Lidia Bastianich’s Veal Scaloppine Bolognese

Lidia Bastianich's Veal Scaloppine BologneseFor me one of the most exciting things about cooking is finding a recipe or a technique that I haven’t encountered before. Who would have thought there’s an Italian veal recipe out there that is executed so differently from the usual scaloppine style dishes. The title would have you believe that the veal is accompanied by some sort of meat ragu but the reference to Bolognese is not about the world-famous sauce but the capital city of Emilia Romagna where this dish hails from. The veal in this recipe is lightly coated in flour and egg (no breadcrumbs) before being quickly flash fried. The veal slices are then laid out in a shallow baking tray and topped with a few spoonfuls of a rich prosciutto and Marsala based sauce. Now this is where it gets interesting – the whole tray is generously covered with thin shavings of parmesan, which gratinates over the top while it bakes in the oven, creating a lovely crispy coating on the veal. It’s vital for the cheese to be shaved and not grated as it won’t melt in the same manner and you won’t achieve the same crispy finish. As you can imagine the final result of tender veal and crispy cheese is delicious. This is a great recipe for feeding a large crowd as you can fit quite a few pieces of veal on a large baking tray and of course make more than one tray if you need to. All the elements can also be prepared in advanced then quickly assembled and baked just before serving which makes it ideal for entertaining.

Ingredients – Serves 6   Adapted from Lidia Cooks from the Heart of Italy by Lidia Bastianich

12 very thinly sliced small veal scallops, or 6 larger size ones cut in half. Make sure the veal is pounded well
Plain flour for dredging
3 large eggs
4 tablespoons extra-virgin olive oil
5 tablespoons butter
150g prosciutto, thinly sliced, cut in ¼ inch strips
½ cup dry Marsala – imported Italian Marsala is best
½ cup dry white wine
1 cup hot chicken stock
150g piece of parmesan cheese

Method

Heat the oven to 200C and arrange a rack in the middle. Spread the flour on a plate and dredge each piece of veal in the flour, coating both sides. Shake off the excess and set aside. Beat the eggs with a pinch of salt in a wide shallow bowl.  Place 2 tablespoons of olive oil and 3 tablespoons of butter into a large skillet or fry pan (I like to use non-stick), and set over medium-high heat. When the butter begins to bubble, quickly dip the veal pieces, one by one, in the eggs, let the excess drip off, then lay them in the skillet. Fit in as many scallops as you can in one layer.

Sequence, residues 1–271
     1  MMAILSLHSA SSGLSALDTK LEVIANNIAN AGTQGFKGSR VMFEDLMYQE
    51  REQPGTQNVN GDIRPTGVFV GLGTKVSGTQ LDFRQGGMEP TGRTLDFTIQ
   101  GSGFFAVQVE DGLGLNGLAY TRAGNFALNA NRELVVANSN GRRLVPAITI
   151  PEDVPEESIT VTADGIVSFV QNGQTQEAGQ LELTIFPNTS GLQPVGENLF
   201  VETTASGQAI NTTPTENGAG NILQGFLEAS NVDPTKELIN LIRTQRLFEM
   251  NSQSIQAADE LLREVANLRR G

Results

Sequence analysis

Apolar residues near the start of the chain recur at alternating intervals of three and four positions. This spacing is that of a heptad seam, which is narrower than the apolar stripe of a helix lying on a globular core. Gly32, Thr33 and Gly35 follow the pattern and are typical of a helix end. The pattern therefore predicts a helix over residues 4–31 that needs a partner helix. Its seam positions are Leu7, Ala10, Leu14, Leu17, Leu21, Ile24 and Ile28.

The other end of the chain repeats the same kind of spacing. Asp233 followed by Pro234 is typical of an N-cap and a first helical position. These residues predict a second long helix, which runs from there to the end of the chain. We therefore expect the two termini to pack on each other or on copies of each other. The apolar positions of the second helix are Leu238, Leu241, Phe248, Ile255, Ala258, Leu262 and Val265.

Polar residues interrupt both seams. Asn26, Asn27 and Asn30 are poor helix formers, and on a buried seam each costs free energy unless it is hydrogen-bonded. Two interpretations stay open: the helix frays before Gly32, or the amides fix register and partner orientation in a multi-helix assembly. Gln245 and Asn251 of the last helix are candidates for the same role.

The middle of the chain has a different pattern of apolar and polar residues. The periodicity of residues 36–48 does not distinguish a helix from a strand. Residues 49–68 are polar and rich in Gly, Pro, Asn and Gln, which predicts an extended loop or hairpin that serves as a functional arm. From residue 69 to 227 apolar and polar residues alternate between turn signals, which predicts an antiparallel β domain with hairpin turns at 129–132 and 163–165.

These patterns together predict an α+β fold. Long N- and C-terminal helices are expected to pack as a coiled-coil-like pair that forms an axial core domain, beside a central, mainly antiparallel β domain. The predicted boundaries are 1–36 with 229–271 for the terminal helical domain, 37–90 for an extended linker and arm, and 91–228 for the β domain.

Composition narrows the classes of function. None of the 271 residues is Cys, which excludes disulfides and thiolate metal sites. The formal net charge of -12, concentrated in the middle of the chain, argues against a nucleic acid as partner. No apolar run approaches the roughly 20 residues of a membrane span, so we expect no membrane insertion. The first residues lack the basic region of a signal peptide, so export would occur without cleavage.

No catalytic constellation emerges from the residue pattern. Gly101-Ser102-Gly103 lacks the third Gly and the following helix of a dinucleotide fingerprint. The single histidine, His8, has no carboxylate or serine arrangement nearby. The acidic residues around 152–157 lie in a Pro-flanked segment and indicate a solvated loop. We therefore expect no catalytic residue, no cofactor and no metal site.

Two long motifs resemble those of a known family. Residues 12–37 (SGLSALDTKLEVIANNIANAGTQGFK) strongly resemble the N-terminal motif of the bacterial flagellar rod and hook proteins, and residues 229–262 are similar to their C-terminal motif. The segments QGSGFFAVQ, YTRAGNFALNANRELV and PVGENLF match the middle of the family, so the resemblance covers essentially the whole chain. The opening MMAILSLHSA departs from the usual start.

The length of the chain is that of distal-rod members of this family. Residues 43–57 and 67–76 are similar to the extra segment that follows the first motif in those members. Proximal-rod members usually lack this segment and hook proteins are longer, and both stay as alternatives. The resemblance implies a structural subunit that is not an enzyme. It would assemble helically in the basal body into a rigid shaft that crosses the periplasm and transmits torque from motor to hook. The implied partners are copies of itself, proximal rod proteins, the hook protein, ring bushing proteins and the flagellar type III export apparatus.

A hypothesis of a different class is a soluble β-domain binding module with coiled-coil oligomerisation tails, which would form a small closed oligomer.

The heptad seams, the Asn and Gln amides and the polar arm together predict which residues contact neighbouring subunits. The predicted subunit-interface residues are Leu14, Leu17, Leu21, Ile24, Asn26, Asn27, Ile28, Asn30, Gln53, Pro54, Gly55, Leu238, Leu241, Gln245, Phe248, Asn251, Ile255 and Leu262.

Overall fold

Brown the scallops on one side for about a minute, then flip and brown the second side for a minute, then transfer them to a plate. Repeat with remaining veal pieces, adding a little more of the olive oil for each batch. When all the scaloppine are browned, arrange them in a baking pan – a shallow baking sheet is perfect, overlapping them if you need to so they fill the dish in an even layer.

To make the Marsala sauce: Wipe out the skillet, melt the remaining 2 tablespoons butter in it, and set over medium heat. Scatter in the prosciutto strips, and cook, stirring, for a couple of minutes or longer, until crisped on the edges. Pour in the Marsala and white wine at the same time, raise the heat, and bring to a rapid boil. Cook until the wines are reduced by half, then pour in the stock, heat to the boil, and cook for a couple of minutes more, stirring, until the sauce has amalgamated and thickened slightly.

   

Remove the pan from the heat, scoop out the prosciutto strips, and scatter them over the scaloppini in the baking dish, then pour the sauce all over the meat, moistening the scaloppine evenly.

To make the gratinato: shave the chunk of Parmesan with a vegetable peeler – don’t grate the parmesan (see note above), dropping thin wide flakes of cheese over the scaloppine, making sure that all the veal is evenly covered. Set the baking dish in the oven, and bake for 20 minutes or so, until the gratinato is nicely browned and very crisp (rotate the dish in the oven to ensure even colouring).

Remove the dish from the oven and, with a sharp knife or a spatula, cut around the scaloppine and lift them out, one or two at a time, with the topping intact, onto a platter or dinner plates. Drizzle the pan sauce around the scaloppine – not on top-and serve immediately.

Lidia Bastianich's Veal Scaloppine Bolognese

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